A cancer diagnosis is a frightening thing, whether it’s a small skin lesion or a large tumor. Some types of cancer, such as brain cancer, are even more concerning. However, there are many ways you can learn more about brain cancer and how to treat it. Here are three things you need to know.
1. There Are Many Sources of Information And Fundraising
If you’re not a doctor, you likely know the basics about cancer and not much else. After a cancer diagnosis, you should learn as much as you can about it. For example, if you were diagnosed with glioblastoma, you might reach out to the Glioblastoma Foundation for information. You may also reach out to various organizations for advice or assistance raising funds to pay for treatments.
2. You Need To Talk To Multiple Professionals
Your primary physician will not be the only doctor treating you. You will need a team of oncologists, experts in your specific diagnosis, nurses, surgeons and others. Depending on your diagnosis and treatment plan, you may need the skills of other professionals, such as physical therapists and psychologists. Researchers, pharmacists and people who work for cancer-related nonprofits and organizations, such as Glioblastoma Foundation professionals may also be involved.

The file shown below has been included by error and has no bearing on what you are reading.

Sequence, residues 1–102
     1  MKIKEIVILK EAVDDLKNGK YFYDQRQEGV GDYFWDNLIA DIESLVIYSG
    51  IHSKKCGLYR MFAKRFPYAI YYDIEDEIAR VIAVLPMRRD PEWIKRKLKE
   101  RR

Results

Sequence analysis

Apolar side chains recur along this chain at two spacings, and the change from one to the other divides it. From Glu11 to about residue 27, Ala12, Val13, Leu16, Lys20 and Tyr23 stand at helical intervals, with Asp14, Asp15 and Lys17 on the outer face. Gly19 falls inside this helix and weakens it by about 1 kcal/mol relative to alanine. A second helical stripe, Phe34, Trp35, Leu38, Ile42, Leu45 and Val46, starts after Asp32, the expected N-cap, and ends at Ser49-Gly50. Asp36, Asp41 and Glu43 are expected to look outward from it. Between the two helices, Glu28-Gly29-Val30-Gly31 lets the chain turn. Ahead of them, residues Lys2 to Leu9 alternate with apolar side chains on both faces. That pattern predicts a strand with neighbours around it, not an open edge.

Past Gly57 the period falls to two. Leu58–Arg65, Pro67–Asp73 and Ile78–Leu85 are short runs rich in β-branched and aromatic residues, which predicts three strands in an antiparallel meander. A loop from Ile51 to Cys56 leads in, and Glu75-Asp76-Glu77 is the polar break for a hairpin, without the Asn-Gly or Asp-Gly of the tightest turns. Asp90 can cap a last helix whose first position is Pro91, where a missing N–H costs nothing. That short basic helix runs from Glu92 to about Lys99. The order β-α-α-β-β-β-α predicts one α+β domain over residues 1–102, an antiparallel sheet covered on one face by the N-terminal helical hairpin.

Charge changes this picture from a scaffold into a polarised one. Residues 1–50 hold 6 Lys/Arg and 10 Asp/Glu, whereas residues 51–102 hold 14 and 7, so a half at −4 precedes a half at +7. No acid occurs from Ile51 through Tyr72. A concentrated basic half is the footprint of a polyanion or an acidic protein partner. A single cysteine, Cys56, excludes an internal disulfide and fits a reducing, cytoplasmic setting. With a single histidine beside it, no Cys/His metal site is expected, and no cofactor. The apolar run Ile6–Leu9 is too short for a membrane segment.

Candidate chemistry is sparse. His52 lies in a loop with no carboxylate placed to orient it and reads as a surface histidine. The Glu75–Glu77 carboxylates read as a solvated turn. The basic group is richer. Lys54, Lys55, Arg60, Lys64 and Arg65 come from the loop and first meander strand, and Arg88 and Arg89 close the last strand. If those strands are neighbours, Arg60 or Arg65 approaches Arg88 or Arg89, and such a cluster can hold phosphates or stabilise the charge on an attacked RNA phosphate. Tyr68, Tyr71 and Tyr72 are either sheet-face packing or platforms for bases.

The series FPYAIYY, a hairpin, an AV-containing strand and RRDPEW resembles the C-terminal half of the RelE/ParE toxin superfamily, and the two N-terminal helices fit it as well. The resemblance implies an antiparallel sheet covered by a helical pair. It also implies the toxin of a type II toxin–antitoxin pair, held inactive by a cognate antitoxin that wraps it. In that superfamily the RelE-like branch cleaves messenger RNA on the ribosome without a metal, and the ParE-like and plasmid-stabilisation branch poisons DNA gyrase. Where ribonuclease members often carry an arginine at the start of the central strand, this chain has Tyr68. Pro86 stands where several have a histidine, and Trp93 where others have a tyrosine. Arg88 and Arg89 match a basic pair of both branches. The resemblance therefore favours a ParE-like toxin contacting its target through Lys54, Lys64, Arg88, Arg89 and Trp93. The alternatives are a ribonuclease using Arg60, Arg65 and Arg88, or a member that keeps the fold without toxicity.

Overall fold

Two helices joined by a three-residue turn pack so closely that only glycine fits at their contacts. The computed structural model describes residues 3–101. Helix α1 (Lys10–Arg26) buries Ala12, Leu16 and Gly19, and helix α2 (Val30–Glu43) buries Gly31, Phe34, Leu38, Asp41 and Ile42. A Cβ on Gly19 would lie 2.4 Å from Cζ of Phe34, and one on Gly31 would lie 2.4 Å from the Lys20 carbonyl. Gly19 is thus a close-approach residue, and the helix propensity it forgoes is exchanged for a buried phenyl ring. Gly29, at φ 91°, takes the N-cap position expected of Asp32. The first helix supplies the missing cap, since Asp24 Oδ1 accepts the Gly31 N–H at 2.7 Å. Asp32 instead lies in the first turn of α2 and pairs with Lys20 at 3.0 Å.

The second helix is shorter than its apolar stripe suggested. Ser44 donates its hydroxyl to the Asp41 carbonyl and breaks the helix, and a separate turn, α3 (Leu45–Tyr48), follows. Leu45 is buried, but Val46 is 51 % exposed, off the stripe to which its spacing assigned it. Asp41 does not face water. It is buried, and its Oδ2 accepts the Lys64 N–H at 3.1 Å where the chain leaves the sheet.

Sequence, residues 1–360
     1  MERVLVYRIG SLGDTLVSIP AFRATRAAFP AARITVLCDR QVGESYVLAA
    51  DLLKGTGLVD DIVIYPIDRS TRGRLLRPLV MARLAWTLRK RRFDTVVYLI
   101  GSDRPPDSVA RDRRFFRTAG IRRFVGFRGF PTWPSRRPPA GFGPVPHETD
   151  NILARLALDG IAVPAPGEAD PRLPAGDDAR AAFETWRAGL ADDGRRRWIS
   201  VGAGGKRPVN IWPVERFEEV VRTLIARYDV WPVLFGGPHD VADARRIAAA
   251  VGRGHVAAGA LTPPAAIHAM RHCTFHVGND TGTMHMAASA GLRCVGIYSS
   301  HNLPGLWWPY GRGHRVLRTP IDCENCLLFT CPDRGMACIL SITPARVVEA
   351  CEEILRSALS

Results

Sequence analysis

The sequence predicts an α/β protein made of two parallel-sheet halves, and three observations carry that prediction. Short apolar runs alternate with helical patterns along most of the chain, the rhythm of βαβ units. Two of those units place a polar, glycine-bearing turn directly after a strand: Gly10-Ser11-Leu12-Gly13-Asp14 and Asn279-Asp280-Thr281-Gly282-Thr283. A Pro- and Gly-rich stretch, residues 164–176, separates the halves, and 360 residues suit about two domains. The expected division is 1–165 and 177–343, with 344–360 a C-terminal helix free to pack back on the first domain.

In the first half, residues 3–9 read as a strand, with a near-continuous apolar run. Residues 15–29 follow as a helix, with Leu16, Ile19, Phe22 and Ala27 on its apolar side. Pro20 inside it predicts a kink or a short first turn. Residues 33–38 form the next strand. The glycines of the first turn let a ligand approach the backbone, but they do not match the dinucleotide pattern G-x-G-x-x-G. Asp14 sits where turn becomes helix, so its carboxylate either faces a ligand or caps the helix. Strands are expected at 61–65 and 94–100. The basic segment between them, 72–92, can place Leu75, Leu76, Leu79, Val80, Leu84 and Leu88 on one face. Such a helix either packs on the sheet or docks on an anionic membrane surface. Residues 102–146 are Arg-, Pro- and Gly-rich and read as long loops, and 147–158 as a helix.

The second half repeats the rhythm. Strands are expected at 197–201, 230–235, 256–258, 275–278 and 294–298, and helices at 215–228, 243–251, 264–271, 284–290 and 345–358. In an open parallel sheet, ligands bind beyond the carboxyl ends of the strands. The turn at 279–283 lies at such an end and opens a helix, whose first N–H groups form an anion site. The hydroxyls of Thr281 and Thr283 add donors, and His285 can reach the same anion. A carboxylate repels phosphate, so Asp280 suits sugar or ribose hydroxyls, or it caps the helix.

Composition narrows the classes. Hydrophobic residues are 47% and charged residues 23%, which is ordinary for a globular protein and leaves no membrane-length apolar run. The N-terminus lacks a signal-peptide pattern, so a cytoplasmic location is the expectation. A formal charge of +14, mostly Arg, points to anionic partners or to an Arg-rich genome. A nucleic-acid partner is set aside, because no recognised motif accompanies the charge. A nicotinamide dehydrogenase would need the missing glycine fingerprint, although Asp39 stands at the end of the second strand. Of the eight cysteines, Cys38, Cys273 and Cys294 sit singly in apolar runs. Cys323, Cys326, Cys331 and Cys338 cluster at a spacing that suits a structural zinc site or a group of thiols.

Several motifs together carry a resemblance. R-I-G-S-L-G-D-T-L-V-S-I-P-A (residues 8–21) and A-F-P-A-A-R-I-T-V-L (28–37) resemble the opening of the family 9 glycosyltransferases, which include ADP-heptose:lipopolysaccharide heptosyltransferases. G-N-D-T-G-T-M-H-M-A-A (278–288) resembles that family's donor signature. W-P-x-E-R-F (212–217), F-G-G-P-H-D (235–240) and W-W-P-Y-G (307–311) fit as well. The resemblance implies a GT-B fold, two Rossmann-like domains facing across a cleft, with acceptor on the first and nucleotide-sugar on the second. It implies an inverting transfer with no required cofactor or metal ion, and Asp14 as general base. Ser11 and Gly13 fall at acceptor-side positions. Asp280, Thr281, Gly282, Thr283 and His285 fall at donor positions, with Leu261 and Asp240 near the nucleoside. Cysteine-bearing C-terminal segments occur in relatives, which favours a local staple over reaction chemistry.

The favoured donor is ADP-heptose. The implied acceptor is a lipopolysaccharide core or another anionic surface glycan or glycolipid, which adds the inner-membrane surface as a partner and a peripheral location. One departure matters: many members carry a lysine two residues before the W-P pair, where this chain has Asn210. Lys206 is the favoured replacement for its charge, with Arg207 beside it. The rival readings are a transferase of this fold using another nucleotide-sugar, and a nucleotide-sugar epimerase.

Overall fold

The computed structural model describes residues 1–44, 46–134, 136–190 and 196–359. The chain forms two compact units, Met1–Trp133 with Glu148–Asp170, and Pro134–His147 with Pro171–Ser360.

3. Different Diagnoses Require Different Treatments
Every cancer is different, which means each one requires a unique method of care. Depending on the type of brain cancer you’re diagnosed with and its size and location, your medical team may recommend surgery, radiation, chemotherapy or other treatments. They may also recommend a mix of multiple treatment options. Discuss your options and preferences with your doctors.
If you or a loved one has been diagnosed with brain cancer, it’s important to research the type of cancer and talk to your medical team about the prognosis, treatment options and costs involved. Doing so can help ensure patient care and bills are well organized.